There could be real uses cases on these embedded devices that configure their networking from a web-based panel, that only needs to execute shell commands anyway.

    [reply]

    mirabilos Reply:

    @Steven Chamberlain, I think this (although with haserl as “webserver”) is used in the wild, probably sparingly though. And I’ve been contracted to write a proof-of-concept *WRT web interface using tntnet, which I had call mksh scripts as backends too.

    The MirBSD website is static HTML compiled from mksh scripts, so that doesn’t count, but I’ve been using mksh CGIs personally.

    Note that mksh-static (as shipped back then in Debian, it was compiled with -DMKSH_SMALL which disables Vi editing, and linked against dietlibc) won the nullperf tests from Iustin Pop recently. (And that test showed me places where it can be improved even further.)

    I don’t know FastCGI, but regular CGI works pretty decent with it.

    [reply]

    Steven Chamberlain Reply:

    @mirabilos, Yeah, this post reminded me of Iustin’s perf-null tests and is what made me think of mksh, CGI, etc. (Actually it was me that asked him in the comments if he’d add mksh-static, and Lua).

    To get sort of back on-topic: apt-get install fcgiwrap mksh nginx-light spawn-fcgi => 1832kB of disk space, much smaller than anything on here yet it provides the HTTP service too.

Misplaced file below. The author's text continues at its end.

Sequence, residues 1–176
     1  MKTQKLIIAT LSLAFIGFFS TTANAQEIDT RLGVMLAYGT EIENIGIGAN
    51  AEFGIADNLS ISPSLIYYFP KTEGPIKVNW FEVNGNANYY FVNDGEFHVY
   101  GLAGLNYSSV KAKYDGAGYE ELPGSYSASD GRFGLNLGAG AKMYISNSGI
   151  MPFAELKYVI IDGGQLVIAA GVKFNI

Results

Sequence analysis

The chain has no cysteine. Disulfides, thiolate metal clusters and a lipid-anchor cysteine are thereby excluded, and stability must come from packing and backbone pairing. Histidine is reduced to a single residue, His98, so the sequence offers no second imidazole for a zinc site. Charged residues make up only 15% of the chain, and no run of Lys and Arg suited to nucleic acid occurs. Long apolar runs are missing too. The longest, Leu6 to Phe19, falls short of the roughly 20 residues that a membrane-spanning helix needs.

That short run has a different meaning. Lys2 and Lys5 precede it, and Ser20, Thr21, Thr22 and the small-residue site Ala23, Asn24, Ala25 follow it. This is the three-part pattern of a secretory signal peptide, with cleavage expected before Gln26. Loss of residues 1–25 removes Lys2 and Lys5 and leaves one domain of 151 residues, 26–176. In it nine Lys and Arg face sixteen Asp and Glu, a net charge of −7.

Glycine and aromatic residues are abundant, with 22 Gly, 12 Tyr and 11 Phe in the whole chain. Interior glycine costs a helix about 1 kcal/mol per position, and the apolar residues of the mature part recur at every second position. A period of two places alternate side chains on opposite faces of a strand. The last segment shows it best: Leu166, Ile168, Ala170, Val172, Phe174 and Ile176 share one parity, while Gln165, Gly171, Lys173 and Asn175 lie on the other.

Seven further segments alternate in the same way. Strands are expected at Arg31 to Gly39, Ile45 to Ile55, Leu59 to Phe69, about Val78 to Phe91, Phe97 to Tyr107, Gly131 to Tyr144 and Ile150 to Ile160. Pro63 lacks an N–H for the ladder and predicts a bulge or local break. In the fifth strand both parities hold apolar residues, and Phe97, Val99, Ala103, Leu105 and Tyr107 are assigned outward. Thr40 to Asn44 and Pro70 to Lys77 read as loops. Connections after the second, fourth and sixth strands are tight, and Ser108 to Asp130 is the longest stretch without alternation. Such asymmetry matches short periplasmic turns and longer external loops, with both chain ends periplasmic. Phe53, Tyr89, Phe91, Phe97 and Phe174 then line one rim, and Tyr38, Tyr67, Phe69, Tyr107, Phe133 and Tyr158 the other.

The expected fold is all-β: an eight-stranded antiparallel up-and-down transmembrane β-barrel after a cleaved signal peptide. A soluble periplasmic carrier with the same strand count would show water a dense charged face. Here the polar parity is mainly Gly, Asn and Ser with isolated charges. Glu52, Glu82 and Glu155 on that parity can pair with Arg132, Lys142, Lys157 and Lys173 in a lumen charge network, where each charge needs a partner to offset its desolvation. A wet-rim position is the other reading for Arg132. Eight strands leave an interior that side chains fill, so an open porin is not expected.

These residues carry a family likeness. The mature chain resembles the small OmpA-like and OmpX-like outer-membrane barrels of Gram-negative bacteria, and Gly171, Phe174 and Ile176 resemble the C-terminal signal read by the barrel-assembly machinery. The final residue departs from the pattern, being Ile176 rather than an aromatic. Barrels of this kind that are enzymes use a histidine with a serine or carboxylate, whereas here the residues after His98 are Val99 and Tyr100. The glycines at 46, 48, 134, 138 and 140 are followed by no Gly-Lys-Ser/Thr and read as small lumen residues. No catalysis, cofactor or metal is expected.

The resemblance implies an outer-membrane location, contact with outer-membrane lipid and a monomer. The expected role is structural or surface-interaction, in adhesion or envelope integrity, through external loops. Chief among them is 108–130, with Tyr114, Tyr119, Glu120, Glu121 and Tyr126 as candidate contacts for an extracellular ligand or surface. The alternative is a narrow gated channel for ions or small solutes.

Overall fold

It worked, and could serve ‘hello world’ from an mksh CGI script at 200 requests per second (according to ApacheBench), per 2.5GHz core, using I think 8 MiB total resident memory inside a GNU/kFreeBSD jail, for fun.

    [reply]

  22. Hello,
    just a side note: Python3 print is not a keyword anymore, but a function so you have to use

    print (“Hello world”)

    to make it works.

    Cheers,
    Daniele Tricoli

    [reply]

    directhex Reply:

    @Daniele Tricoli, updated, thanks!

    [reply]

  23. An interesting metric would be what the size of a single standalone binary for each of these would be. By standalone I mean all dependencies are packaged – so for Python you’d use freeze, for Mono mkbundles and so on.

    Ideally ldd on the produced ELF should reveal no dynamically linked libraries.

    Just a thought.

    [reply]

    directhex Reply:

    @Luke GB, 6.0MB without any deps, 4.2M linked against zlib (compressed app)

    [reply]

  24. Have you looked at http://shootout.alioth.debian.org/
    It tries to provide some benchmarks (speed, memory use etc.)

    [reply]

  25. Curious how the numbers look when using GCC’s java runtime?

    gcj-jre-headless

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    directhex Reply:

    @Nick, You only need libgcj12 to run hello world, which is marginally smaller. 88.3MB by default, 74.2MB without recommends.

    [reply]

  26. Great post as usual @directhex.

    [reply]

  27. This is a good time to remind people of the commenting policy for my blog: http://apebox.org/wordpress/rants/219/

    I don’t censor all opposing opinion, but I do redact commenters who fail to meet sufficient a sufficient level of intelligence. To be clear: your comment is not stuck in a spam queue, I read it and consider you too stupid to allow my site to be used as a platform for your idiocy.

    [reply]